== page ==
Oil rose for a second day as an industry report showing a drop in American crude stockpiles helped counter fears that supplies may gain after the US was said to ask OPEC to boost output.
Futures in New York climbed as much as 0.7% after a 1.2% advance on Tuesday. The American Petroleum Institute was said to report nationwide crude inventories fell over 2 million barrels last week.
Meanwhile, the US government has asked Saudi Arabia and some other members of the Organisation of Petroleum Exporting Countries to increase output by about 1 million barrels a day, according to people familiar with the matter.
Oil is trading near the lowest level in almost two months after Saudi Arabia and Russia signaled in late May that they were ready to ease output curbs to fill potential supply losses in Iran and Venezuela.
While speculation is still swirling over whether OPEC and its allies will reach a consensus to relax caps at a meeting in Vienna later this month, Goldman Sachs said the outlook for oil remains bullish even if producers agree to the US’s request to boost output.
“It’s certainly interesting to see some sort of direct involvement in the talks from the US, but it’s seen priced in,” Daniel Hynes, a senior commodities strategist at Australia & New Zealand Banking, said by phone from Sydney.
“Data releases around US inventories will drive prices in the next day or so.”
West Texas Intermediate for July delivery rose as much as 44 cents to $65.96 a barrel, and was at $65.84, up 32c, on the New York Mercantile Exchange at 2:47 pm in Singapore. The contract added 77c to $65.52 on Tuesday. Total volume traded was about 9% below the 100-day average.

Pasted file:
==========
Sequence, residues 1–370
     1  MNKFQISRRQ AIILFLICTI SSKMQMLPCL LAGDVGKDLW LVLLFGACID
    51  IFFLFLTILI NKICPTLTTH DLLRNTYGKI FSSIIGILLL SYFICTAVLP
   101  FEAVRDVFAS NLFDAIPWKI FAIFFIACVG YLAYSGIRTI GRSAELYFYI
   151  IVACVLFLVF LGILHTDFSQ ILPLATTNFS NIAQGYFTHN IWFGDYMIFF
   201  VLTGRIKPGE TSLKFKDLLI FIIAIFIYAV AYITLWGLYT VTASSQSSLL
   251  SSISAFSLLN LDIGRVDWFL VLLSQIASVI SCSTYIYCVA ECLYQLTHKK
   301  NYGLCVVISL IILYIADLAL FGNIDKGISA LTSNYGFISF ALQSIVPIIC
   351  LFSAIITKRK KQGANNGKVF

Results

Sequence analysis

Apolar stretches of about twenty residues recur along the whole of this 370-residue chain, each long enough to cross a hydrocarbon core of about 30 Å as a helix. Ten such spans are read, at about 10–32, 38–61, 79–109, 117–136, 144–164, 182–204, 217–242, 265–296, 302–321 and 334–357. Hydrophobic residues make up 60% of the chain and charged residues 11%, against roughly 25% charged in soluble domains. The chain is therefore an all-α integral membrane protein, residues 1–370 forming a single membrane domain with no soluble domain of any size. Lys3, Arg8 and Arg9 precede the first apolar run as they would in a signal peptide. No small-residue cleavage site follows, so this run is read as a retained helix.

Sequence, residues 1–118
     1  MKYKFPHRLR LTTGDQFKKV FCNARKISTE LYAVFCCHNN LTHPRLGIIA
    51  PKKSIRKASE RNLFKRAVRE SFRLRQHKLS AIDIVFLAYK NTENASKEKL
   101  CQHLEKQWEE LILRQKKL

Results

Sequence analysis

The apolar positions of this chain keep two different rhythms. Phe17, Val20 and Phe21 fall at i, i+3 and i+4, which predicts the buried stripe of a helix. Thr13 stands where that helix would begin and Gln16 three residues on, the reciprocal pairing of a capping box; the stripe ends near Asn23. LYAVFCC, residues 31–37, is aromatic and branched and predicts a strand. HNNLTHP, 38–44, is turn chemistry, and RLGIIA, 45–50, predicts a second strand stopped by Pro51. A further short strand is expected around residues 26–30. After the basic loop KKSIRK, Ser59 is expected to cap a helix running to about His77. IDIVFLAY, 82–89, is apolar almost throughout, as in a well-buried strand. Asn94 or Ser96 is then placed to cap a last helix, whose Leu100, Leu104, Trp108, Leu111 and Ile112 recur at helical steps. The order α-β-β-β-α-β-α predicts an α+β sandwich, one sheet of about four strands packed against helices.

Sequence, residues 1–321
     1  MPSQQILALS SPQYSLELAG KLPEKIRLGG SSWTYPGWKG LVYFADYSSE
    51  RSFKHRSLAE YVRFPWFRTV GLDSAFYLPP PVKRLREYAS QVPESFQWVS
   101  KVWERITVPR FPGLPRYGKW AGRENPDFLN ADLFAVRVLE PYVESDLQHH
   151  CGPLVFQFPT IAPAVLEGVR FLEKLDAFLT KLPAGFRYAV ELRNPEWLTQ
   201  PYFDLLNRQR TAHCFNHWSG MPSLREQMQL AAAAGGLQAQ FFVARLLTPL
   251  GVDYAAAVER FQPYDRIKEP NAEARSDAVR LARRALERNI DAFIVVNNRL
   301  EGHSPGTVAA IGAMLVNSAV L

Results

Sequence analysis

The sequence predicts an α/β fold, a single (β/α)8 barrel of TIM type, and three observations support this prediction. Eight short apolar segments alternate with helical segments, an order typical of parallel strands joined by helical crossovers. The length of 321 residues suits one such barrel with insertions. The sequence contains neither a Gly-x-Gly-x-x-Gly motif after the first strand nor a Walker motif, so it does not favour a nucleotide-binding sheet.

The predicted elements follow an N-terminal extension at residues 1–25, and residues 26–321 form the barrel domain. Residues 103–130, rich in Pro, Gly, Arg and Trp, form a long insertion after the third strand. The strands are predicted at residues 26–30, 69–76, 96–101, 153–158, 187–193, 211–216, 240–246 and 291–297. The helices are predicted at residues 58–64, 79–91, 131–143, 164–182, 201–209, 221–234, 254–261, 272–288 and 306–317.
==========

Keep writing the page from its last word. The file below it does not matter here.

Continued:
Brent futures for August settlement increased 74c to $76.12 a barrel on the London-based ICE Futures Europe exchange, after closing 9c higher at $75.38 on Tuesday.
The global benchmark crude was $10.36 above WTI for the same month, after the premium narrowed for a second session on Tuesday.
Futures for September delivery were little changed at 466.4 yuan a barrel in afternoon trading on the Shanghai International Energy Exchange. The contract slid 1% on Tuesday.
US crude stockpiles decreased by 2.03 million barrels last week, while the hoard at the key storage hub in Cushing, Oklahoma, also fell by 1.04 million barrels, the industry-funded API was said to report.
Energy Information Administration data due on Wednesday is expected to show nationwide stockpiles dropped by 2.1 million barrels.
In a rare request, the US government has quietly asked Saudi Arabia and some other OPEC members to boost crude production after retail gasoline prices surged to their highest in more than three years and President Donald Trump publicly complained about the group’s policy and rising oil prices on Twitter.
Saudi Arabia, OPEC’s biggest member, had put brakes on oil’s rally last month amid pressure from Trump.
The group and its allies in the global output cuts that were aimed at shrinking a glut stressed the need to maintain their cooperation to stimulate adequate investments to ensure stable supply at a meeting on Saturday in Kuwait City.
Other oil-market news:
• Saudi Arabia, the world’s largest oil exporter, raised pricing on key crude grades for buyers in Asia to the highest since 2014 as demand builds in the country’s biggest market amid threats to rival suppliers.
• Crude prices in the Midland and Permian Basin in the US are below oil at Cushing and Houston as output growth has outpaced the pipeline capacity, and that dynamic is unlikely to change materially until at least the middle of 2019, according to Citigroup.
• Oil is trading in a sweet spot and “$70 a barrel is good for producers and consumers, for producing countries and for consuming countries,” Claudio Descalzi, chief executive officer of Eni SpA, said in an interview in Rome on Tuesday.
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